Sunday, January 27, 2013

January Resolutions Update

January has been an adjustment!

I started classes again, and started my resolution of hitting the gym/working out every day. I'm happy to report I've upheld my plan and gone every single day! While I've enjoyed my time, I don't know that it's something I want to continue as a permanent thing. Translation = I hate going to the gym every day.

The gym has become a habit now - and for that, I'm grateful. Exercising daily is so important, especially as you get older and your metabolism gets slower. But there is such a thing as overdoing it, and this month I've missed out on a few fun events because of my gym schedule. I've fought through exhaustion to go spend an hour on the elliptical, only to become more exhausted.

While going daily may work for some people, I think I'm a 4-5 times a week-er. The whole point of doing this type of monthly resolution is to help me form better habits -- and I can happily say that this has become a great new habit.

Up next for February, no alcohol for the whole month. I'm having mixed emotions about the difficulty of this one. Part of me thinks it'll be no problem, as I don't drink that often anyway. But I think I'm forgetting how often I meet up with girlfriends for happy hour. Wish me luck!


Sunday, January 13, 2013

I suppose I shouldn't feel bad, because none of my resolutions were about posting on here more frequently. But I do. I feel bad. Like a friend you've neglected because you've been busy, you really have, and then you happen to run into them somewhere...that's how this feels.

You'll be happy to know, or not...maybe you hate my guts and I have no idea, that I've held up my January resolution so far. I've hit the gym for 13 days straight. It hasn't been as hard as I thought it would be, and I'm actually enjoying making it part of my daily routine.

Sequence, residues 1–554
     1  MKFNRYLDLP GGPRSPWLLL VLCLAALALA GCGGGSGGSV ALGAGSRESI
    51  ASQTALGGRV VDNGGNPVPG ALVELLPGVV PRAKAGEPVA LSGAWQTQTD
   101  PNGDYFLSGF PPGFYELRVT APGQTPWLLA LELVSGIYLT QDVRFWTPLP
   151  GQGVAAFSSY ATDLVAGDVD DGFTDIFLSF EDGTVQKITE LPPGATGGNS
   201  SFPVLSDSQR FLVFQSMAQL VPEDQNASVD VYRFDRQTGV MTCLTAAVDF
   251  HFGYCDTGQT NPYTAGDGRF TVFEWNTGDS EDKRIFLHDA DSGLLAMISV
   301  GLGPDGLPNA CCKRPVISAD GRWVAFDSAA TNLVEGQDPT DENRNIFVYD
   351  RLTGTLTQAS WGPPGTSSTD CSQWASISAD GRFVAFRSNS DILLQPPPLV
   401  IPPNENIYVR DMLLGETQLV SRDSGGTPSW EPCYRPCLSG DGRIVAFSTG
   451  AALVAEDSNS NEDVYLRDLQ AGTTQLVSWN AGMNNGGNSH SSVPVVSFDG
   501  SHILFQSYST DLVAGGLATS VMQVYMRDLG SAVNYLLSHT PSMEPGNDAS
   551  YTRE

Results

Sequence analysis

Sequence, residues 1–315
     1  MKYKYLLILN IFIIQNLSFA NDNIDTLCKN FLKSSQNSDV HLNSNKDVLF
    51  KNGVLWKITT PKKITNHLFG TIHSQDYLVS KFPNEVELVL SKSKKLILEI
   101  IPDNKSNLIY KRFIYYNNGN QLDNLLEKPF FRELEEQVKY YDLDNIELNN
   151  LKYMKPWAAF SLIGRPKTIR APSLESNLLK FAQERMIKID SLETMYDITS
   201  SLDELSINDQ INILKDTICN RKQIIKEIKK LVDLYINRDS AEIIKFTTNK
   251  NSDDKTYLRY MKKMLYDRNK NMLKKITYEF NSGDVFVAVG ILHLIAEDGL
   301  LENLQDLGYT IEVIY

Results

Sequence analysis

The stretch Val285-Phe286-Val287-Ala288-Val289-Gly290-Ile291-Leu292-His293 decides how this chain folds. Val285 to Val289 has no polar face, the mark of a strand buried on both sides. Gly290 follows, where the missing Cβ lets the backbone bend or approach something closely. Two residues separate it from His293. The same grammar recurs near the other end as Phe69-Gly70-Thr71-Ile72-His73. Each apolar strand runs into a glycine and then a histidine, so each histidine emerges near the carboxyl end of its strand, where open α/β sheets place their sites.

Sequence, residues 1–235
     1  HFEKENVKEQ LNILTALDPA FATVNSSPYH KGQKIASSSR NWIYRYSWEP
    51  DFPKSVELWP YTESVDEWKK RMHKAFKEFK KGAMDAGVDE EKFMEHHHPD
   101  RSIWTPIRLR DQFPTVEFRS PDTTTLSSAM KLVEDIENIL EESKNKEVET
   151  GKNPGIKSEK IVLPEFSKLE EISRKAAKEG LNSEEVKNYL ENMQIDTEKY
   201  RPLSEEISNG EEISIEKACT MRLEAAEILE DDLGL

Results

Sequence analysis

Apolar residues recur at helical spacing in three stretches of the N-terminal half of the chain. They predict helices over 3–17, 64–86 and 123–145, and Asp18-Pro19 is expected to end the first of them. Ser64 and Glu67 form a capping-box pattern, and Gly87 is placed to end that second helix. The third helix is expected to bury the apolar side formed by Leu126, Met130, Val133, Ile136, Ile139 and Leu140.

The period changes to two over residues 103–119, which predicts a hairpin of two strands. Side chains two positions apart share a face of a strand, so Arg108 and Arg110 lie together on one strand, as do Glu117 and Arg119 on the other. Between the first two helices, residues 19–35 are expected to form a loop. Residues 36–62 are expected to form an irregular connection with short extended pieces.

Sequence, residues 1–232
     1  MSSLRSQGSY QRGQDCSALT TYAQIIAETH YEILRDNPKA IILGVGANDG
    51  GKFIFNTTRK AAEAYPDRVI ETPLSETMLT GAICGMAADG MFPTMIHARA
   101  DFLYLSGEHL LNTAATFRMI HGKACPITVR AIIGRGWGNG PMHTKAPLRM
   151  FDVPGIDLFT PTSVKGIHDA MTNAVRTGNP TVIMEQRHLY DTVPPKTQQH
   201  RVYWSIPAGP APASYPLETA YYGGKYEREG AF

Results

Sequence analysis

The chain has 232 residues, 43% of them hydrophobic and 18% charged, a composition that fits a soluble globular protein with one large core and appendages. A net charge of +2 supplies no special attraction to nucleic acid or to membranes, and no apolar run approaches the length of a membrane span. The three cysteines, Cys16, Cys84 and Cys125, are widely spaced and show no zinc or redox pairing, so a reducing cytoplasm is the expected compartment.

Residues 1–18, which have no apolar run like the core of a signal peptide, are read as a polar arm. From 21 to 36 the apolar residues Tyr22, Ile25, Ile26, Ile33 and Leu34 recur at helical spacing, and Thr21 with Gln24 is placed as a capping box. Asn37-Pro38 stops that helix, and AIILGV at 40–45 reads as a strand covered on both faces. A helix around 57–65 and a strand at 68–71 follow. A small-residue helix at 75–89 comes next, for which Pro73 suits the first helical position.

Over Christmas break I was discussing writing with a family friend. I've grown up with her practically as a second mother, and she'd always been encouraging and helped foster what could have been a writing career. She asked me if I still journaled and I told her no. I don't. I haven't looked at a blank notebook that wasn't school related in years.

As I hit my 20s, I've struggled with figuring out how I feel about things. Journaling and writing started to feel too self-absorbed to me. Not that I'm the deepest fish in the ocean, on the contrary, I'm pretty shallow when it all comes down to it.

After our talk, I pulled out the last journal I wrote in and read some of my stuff. I was impressed. I sounded super deep and cool and artsy and like someone I'd talk shit on but secretly think was really cool. Reading it now, three or four years later, felt like I was reading someone else's writing.

Am I okay with having progressed from that? Do I wish I still had that thought process to be able to pump out beautiful prose? Sometimes. But do I miss the incredible self-absorption that comes from being that introspective? Not at all.

I remember once I read a quote from Alicia Silverstone that was listed as one of the worst quotes of all time. It read: "I think it [Clueless] was deep in the way it was light. I think lightness has to come from a very deep place if it's true lightness."  At the time I laughed at it because everyone else was, and even then I'm sure I didn't understand it's full implications.

Now, I think the quote is rather profound. Maybe my self-diagnosed shallow-ness is a result of "being okay" with not having those darker thoughts.